Home Brewing Headway

One of the best things about getting into home brewing has been the progression from absolute  uncertainty and lack of confidence in the brewing process to craving the ability to completely dictate the outcome of your beer. After brewing a few extract kits strictly by the book, I began to seek ways to add to flavor and increase quality. For me, that next step would come in the form of an IPA.

The first thing I wanted to do with this batch was to give the secondary another shot. Instead of using the borrowed glass carboy I had used previously (with poor results), I decided to purchase a 5 gallon Better Bottle. In addition to a new carboy, I picked up the extract kit for an IPA and opted to add a pound of dextrose to give the yeast a few extra fermentables; now we’re getting crazy.


All went well with the boil, primary and secondary; there were no odd color changes or flavor faults from step to step. With each phase passing successfully, I felt I needed to continue to step outside of my comfort zone. The thought of dry hopping terrified me but I was willing to risk disaster and go for glory. I ended up adding Columbus hops for the final week prior to bottling with good results.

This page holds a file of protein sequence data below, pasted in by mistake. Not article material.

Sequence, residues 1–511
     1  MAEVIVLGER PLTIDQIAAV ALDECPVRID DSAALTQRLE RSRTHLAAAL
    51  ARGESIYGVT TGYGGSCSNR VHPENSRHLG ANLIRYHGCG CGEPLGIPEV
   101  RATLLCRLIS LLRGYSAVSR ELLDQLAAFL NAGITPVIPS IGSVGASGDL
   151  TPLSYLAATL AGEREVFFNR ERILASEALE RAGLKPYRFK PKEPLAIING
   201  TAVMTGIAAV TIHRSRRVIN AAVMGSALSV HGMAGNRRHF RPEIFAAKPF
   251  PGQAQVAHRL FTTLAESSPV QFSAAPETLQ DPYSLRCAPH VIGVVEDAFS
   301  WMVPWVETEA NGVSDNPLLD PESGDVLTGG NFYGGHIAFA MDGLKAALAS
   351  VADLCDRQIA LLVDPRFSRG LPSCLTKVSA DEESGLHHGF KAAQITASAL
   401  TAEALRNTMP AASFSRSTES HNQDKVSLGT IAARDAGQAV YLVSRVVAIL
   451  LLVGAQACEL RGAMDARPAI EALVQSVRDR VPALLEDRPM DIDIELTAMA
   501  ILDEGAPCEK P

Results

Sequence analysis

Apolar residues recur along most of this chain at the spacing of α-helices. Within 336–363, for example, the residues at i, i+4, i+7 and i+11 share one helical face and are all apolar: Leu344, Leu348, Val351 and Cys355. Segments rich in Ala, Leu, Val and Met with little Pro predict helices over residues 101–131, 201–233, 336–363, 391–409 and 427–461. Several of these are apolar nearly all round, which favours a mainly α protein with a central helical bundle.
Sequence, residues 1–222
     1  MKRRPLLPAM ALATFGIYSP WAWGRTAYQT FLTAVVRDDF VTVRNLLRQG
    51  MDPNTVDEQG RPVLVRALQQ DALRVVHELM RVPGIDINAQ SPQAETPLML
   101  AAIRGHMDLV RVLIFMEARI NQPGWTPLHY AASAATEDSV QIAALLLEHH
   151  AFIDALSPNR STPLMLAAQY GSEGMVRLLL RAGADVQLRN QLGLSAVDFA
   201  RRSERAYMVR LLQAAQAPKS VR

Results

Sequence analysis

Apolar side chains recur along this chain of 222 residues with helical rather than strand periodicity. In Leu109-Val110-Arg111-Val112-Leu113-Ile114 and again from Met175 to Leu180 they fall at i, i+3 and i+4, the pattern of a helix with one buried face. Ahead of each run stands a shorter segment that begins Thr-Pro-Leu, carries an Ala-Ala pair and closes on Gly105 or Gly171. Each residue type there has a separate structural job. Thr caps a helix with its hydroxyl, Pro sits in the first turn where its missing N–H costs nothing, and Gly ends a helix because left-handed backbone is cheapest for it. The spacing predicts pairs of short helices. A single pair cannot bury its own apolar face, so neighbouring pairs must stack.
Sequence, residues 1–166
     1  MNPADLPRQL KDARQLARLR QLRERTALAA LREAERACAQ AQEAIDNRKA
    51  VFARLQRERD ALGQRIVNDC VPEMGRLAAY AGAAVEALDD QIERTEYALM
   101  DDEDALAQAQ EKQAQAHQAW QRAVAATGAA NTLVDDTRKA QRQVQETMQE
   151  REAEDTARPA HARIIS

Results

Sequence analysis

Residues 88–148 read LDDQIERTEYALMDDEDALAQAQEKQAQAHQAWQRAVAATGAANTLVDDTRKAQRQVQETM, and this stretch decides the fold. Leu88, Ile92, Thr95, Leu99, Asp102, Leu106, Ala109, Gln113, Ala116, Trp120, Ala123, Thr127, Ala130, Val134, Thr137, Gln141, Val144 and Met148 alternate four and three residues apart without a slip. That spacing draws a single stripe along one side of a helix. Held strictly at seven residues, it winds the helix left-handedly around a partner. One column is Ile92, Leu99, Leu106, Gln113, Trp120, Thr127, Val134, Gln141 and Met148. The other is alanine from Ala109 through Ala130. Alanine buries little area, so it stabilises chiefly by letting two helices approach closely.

The beer ended up tasting great. The first bottle I opened had a great scent; heavily floral. The flavor was just as pleasant; a thick and pungent hop bite that ended with a floral effervescence. I did notice that the hops faded greatly as time wore on, which is expected, but I still really enjoyed this brew.


After all was brewed and consumed, I was encouraged to continue seeking ways to take control of my beer. This would follow shortly in the form of ditching the kits and following my own recipe; no directions, no double checking brew schedules and no limits! OK, I’m still brewing extract, but I plan on changing that soon.

1 comment

  1. Great post! Glad to see you’re pushing yourself to step outside of your comfort zone in order to improve your brew skillz. And the brew looks great! 🙂

    Once I finally decided to make the jump to all-grain brewing and creating my own recipes I realized it’s actually not as difficult and scary as it once seemed. Keep playing around with it, and having fun!

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